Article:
By Don Simpson | October 26, 2012
Director: Lisa Ohlin
Writers: Lisa Ohlin (additional screenwriting), Linda Aronson (script consultant), Marnie Blok (screenplay), Marianne Fredriksson (novel)
Starring: Bill Skarsgård, Helen Sjöholm, Jan Josef Liefers, Stefan Gödicke, Karl Linnertorp, Jonatan S. Wächter, Karl Martin Eriksson, Erica Löfgren, Katharina Schüttler, Josefin Neldén, Lena Nylén, Cecilia Nilsson
Young Simon (Jonatan S. Wachter) spends most of his time reading books while perched in an gigantic oak tree. His father, Erik (Stefan Godicke), wants Simon to put down his books and learn how to fight; he also wants Simon to learn carpentry. The problem is that Simon likes books and really wants to attend a prestigious private school to learn history. Eventually, Erik makes a deal with Simon — as long as he abandons the strange relationship he has with the oak tree, he will find a way to pay for Simon to attend the fancy school.
On his first day at school, Simon instantly befriends Isak (Karl Martin Eriksson), a Jewish boy whom Simon protects from anti-Semitic bullies. (See, knowing how to fight does come in handy!) The two boys are inseparable, each of them sensing a strange kinship with each other’s family. Simon is intrigued by Isak’s father, Ruben (Jan Josef Liefers), a wealthy bookseller who introduces him to the finer things in life, specifically music. Isak, on the other hand, associates with Erik’s working class lifestyle and shows an intense interest in shipbuilding. It is sort of a “grass is always greener on the other side” scenario, as the proletariat boy is attracted to the bourgeois life and vice versa.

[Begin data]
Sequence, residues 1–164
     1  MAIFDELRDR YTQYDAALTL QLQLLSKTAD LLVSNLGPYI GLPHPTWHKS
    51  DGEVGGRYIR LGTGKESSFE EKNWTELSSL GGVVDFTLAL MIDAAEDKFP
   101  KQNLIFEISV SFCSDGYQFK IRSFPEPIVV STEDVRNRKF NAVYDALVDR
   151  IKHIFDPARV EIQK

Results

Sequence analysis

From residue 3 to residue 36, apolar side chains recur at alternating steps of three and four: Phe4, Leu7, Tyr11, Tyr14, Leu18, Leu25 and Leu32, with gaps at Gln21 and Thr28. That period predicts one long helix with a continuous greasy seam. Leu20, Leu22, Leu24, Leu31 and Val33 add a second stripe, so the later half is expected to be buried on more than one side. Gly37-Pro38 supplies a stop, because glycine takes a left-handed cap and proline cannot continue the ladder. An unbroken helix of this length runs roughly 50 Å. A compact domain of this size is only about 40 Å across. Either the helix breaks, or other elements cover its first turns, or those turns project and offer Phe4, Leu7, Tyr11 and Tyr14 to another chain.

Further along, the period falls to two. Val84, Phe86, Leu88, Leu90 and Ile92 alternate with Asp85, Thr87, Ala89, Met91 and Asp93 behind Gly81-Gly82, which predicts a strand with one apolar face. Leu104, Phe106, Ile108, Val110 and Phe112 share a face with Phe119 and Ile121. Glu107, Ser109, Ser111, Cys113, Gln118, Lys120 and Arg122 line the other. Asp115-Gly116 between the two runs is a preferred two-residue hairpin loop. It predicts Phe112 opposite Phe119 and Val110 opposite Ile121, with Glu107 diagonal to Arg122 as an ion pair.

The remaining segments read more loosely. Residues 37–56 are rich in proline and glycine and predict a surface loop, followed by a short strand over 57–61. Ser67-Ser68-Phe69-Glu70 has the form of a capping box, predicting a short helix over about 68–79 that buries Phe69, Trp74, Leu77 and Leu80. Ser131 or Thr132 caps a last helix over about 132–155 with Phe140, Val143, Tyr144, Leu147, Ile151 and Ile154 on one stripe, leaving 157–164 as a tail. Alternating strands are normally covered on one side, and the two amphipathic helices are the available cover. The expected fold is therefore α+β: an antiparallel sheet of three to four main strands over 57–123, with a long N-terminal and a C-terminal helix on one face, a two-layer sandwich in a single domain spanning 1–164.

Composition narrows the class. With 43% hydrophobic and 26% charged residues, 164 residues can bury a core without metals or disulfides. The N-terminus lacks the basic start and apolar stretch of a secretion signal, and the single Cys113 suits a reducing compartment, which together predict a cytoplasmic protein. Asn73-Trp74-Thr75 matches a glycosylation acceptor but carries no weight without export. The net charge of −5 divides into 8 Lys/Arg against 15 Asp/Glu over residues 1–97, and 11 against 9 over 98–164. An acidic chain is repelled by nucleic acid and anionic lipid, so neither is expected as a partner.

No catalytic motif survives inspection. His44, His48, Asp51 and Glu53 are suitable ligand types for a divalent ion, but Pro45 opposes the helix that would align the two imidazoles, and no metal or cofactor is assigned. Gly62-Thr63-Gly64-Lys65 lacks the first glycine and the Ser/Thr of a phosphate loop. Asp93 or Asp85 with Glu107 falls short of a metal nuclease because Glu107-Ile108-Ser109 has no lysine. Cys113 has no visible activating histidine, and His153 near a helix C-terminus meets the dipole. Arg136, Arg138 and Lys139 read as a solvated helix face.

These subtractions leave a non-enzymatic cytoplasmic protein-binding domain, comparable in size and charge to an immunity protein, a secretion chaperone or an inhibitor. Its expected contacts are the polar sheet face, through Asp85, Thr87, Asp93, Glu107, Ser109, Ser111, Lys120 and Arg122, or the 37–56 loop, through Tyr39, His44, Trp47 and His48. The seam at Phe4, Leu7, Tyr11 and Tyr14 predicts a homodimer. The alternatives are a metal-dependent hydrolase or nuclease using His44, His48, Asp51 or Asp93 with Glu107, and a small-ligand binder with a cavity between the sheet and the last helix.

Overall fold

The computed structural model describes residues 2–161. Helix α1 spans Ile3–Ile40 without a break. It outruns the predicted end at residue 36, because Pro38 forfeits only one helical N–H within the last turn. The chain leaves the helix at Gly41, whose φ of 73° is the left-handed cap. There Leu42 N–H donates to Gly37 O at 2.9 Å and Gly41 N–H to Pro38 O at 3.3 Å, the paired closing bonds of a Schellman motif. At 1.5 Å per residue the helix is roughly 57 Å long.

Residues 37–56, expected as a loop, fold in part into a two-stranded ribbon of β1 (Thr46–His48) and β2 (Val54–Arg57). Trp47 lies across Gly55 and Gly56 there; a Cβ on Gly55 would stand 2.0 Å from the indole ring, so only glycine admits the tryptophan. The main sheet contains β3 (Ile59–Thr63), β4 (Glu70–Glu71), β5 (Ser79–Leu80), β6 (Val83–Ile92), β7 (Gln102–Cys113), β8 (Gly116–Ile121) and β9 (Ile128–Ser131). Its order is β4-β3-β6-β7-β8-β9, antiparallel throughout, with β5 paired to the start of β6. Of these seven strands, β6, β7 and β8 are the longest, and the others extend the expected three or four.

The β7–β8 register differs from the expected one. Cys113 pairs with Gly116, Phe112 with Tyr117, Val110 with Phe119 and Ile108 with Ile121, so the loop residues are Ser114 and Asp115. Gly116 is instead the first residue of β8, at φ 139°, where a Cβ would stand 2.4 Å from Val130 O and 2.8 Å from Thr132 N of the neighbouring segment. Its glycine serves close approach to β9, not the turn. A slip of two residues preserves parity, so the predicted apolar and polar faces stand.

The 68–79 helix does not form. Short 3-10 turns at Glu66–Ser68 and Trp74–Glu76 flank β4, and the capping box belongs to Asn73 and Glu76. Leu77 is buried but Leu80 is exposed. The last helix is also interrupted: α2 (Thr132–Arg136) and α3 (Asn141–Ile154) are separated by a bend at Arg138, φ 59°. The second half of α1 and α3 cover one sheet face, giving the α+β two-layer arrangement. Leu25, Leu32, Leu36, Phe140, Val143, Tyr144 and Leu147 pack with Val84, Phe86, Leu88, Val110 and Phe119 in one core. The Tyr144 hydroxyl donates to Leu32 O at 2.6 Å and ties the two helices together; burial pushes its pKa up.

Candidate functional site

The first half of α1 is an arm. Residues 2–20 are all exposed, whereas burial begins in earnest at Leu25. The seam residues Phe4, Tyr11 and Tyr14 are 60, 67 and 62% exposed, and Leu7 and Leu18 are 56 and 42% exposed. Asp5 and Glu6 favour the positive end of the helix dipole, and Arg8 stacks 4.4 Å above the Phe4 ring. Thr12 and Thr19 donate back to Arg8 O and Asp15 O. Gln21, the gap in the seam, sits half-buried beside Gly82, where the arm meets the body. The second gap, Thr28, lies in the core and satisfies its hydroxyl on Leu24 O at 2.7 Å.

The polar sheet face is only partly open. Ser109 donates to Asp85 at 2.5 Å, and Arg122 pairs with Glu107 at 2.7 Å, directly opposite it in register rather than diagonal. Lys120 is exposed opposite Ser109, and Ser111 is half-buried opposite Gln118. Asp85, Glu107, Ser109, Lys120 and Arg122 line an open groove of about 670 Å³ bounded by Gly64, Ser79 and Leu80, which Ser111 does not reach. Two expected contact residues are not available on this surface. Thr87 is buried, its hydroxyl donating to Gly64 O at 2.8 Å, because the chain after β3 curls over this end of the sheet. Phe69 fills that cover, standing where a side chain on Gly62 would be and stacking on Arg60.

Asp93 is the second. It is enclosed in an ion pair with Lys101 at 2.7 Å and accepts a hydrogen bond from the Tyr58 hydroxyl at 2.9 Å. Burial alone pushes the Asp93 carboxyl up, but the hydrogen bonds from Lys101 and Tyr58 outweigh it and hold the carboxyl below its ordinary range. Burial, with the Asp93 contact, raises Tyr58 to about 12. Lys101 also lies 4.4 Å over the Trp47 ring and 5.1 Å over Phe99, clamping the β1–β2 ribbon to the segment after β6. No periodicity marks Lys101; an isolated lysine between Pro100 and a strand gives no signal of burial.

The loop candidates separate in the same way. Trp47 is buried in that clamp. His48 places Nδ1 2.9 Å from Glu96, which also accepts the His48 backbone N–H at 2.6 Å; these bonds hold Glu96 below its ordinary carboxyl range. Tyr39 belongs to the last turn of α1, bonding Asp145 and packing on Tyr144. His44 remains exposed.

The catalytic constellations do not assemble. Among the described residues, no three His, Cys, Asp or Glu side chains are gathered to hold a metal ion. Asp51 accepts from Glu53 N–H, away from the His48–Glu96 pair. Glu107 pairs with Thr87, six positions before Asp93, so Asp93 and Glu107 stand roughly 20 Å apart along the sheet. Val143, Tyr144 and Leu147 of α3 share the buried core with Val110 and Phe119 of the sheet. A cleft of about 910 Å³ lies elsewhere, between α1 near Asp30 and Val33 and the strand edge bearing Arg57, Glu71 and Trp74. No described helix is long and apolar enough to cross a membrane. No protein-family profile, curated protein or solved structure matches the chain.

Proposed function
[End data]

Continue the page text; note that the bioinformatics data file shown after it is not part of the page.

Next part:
So far, all of this has occurred during the early days of World War II, as Lisa Ohlin’s Simon and the Oaks focuses on the uncertain future of Jews in Sweden during the war. At about the halfway mark, we suddenly leap forward to the end of the war. And while the conclusion of the war should be a celebratory occasion, the news finds Simon (Bill Skarsgård) — now in is his late teens — at constant conflict with Erik and his mother, Karin (Helen Sjoholm).
Nominated for 13 Swedish Academy Awards last year, Simon and the Oaks stresses the important roles that history — both familiar and world — and art plays in our maturity as human beings. How can we ever understand our present if we do not fully understand our past? Additionally, art (in this context, specifically music and literature) allows us to take emotional breaks from the horrible atrocities occurring in the real world.
Simon and the Oaks not only educates us on the importance of history, but it serves as a history lesson in itself. Surrounded by German occupied countries, Scandinavia found itself in an awkward position of trying to appease the Nazis while not necessarily joining their cause. First and foremost, countries like Sweden felt the need to compile lists of Jews (even 1/4 Jews) just in case they needed to use that as leverage with the Nazis.